jStat v1.9.3 Documentation

Table Of Contents



jStat is a statistical library written in JavaScript that allows you to perform advanced statistical operations without the need of a dedicated statistical language (e.g. MATLAB or R). It is available for download on Github.


Calculations are done by static methods, while working with groups of numbers is handled by the instance methods. Here is a pseudo example of what is happening in core.js:

jStat.min = function( arr ) {
    return Math.min.apply( null, arr );

jStat.prototype.min = function() {
    var i = 0,
        newval = [];
    while( newval.push( jStat.min( this[i] )), ++i < this.length );
    return newval;

jStat.min does the actual calculation on the array, while jStat.prototype.min is a wrapper to help work with the jStat object. The reason for this approach is to allow for maxium flexibility to other developers who want to extend jStat, while allowing for easy creation of wrappers. This way extending jStat requires minimal performance overhead and allows for more unique wrappers to be created.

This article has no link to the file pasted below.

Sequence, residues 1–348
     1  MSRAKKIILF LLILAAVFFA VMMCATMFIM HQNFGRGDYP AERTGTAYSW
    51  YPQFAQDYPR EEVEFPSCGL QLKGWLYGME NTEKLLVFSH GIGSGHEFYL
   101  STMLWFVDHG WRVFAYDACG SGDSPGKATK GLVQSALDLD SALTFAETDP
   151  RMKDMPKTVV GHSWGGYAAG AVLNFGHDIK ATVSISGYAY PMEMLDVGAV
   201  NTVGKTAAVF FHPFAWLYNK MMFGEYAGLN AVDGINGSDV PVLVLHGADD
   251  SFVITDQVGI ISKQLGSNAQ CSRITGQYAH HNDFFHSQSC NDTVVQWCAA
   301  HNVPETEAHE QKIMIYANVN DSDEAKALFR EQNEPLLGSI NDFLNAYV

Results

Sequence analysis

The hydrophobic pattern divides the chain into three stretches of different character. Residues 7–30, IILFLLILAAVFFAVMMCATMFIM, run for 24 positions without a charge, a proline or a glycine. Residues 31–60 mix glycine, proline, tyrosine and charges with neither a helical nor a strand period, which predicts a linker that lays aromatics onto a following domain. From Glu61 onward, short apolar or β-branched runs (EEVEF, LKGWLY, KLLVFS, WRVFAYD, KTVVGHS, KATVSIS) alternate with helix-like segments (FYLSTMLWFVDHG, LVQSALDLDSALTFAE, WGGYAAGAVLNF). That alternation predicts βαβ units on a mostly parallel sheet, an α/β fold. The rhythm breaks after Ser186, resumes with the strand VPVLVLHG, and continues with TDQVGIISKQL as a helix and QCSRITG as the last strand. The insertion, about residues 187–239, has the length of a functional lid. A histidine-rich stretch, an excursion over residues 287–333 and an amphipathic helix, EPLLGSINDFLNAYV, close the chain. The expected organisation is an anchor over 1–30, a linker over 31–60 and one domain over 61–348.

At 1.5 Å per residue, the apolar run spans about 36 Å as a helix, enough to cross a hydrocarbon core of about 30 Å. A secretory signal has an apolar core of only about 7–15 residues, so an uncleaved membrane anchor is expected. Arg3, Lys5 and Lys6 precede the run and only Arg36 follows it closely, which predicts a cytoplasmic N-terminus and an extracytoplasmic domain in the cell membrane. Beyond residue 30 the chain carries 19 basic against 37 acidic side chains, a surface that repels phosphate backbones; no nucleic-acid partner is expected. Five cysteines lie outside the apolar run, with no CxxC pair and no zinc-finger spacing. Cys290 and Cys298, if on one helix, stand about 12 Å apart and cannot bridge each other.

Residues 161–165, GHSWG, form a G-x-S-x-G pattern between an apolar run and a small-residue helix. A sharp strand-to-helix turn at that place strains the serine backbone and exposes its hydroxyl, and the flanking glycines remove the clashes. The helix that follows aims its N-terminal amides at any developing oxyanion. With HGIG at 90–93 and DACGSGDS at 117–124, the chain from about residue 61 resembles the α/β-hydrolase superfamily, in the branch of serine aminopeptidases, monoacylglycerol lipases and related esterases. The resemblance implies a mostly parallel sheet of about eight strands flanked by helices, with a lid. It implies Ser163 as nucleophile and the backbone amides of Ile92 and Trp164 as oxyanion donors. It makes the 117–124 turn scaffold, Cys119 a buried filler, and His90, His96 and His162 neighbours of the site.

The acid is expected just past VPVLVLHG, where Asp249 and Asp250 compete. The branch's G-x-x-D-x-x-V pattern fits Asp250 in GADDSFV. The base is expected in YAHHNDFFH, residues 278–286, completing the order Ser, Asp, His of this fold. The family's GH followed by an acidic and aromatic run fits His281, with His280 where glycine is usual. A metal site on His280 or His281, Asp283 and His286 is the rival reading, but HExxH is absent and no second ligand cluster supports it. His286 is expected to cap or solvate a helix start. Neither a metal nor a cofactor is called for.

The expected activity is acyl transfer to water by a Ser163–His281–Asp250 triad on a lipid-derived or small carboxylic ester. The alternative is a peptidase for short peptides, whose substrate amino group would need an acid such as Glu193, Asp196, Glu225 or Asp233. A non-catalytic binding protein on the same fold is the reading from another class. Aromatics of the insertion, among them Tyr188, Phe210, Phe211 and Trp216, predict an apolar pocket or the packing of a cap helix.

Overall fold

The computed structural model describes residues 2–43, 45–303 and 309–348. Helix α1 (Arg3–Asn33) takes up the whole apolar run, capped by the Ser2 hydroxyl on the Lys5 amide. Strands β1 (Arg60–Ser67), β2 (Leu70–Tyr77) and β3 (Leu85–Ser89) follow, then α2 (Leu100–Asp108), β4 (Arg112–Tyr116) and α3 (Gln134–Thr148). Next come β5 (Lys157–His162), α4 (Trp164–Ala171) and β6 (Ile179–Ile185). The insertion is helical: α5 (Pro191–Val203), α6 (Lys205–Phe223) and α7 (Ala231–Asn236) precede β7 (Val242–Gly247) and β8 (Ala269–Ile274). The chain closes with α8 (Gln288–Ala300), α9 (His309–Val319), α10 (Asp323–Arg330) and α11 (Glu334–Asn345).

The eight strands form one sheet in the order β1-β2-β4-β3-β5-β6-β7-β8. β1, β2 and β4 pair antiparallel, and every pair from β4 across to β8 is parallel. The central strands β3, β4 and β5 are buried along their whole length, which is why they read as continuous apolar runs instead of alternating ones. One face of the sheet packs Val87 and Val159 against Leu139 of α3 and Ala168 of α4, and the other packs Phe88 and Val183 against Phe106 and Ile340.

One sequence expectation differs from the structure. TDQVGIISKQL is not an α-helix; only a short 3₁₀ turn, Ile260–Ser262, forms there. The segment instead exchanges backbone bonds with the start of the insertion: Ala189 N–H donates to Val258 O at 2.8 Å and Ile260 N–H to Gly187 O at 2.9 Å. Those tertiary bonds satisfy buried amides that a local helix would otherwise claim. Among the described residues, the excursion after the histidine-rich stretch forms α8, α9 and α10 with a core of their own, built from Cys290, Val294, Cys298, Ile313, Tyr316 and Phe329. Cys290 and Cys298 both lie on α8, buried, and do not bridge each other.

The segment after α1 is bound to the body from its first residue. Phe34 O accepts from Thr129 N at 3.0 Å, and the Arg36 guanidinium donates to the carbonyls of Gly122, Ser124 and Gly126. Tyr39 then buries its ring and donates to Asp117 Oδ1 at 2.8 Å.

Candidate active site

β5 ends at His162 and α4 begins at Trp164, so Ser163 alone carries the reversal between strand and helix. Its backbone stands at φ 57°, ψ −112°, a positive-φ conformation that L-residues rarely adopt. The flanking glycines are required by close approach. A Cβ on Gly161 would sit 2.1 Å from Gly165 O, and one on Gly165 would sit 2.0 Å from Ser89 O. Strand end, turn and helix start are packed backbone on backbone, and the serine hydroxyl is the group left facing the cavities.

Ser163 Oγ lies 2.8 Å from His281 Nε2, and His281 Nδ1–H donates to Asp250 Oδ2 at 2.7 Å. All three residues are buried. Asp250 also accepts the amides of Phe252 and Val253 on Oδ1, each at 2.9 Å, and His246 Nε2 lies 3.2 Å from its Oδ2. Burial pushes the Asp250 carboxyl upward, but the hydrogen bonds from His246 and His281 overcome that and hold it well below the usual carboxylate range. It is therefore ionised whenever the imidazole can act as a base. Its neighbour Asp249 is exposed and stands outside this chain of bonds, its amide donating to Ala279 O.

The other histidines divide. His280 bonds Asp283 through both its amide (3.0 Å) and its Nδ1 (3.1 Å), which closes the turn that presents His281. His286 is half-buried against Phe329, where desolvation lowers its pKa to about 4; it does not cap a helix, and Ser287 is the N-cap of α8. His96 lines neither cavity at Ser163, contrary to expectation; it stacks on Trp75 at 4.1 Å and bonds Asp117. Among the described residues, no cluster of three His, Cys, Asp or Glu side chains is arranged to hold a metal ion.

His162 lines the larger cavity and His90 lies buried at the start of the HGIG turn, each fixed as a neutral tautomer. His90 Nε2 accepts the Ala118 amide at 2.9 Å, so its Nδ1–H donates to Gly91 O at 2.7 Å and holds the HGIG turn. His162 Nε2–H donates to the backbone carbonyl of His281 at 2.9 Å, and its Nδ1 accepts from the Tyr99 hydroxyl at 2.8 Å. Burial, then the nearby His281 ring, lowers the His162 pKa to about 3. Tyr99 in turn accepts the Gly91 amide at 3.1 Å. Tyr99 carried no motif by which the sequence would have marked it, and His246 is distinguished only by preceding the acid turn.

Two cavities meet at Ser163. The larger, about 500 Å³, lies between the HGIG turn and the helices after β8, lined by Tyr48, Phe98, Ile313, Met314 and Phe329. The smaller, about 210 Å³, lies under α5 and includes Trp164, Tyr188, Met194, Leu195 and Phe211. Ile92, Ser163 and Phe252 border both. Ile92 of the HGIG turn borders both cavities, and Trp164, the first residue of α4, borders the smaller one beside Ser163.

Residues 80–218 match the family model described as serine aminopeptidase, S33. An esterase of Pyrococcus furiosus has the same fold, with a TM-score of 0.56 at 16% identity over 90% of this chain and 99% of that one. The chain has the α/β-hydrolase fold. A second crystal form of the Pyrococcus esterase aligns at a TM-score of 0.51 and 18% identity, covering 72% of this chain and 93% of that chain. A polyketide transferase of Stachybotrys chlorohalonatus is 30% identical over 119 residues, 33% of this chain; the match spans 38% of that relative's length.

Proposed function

Remember: Static methods almost always return native JavaScript types. Instance methods always return a jStat object.

Here is a simple example on the difference in usage between the static and instance methods:

var myVect = [2,6,4,7,2,7,4],
    jObj = jStat( myVect );

// calculate the sum of the the vector
jStat.sum( myVect ) === 32;
jObj.sum() === 32;

Now say we want to do several operations on the vector (e.g. sum, min, max, and standard deviation). This can be accomplished using the static methods, but each will need to be called separately. By using the jStat object we can pass callback functions and chain the execution of each operation:

jObj.sum( function( val ) {
    // val === sum
}).min( function( val ) {
    // val === min
}).max( function( val ) {
    // val === max
}).stdev( function( val ) {
    // val === st. dev.

This method sets each calculation to be executed in an asynchronous queue. Very useful method of preventing blocking when working with large data sets.

Let's look at a few chaining and shorthand examples:

jStat( 0, 1, 11 ) === jStat( jStat.seq( 0, 1, 11 ));
jStat().rand( 4, 4 ) === jStat( jStat.rand( 4, 4 ));

jStat().create( 5, function( x, y ) {
    return ( x + Math.random()) / ( y + Math.random());
}).min( true, function( x ) {
    // do something with the min value
}).beta( 0.5, 0.5 ).pdf();  // generate and return the pdf
                            // of the beta function for all values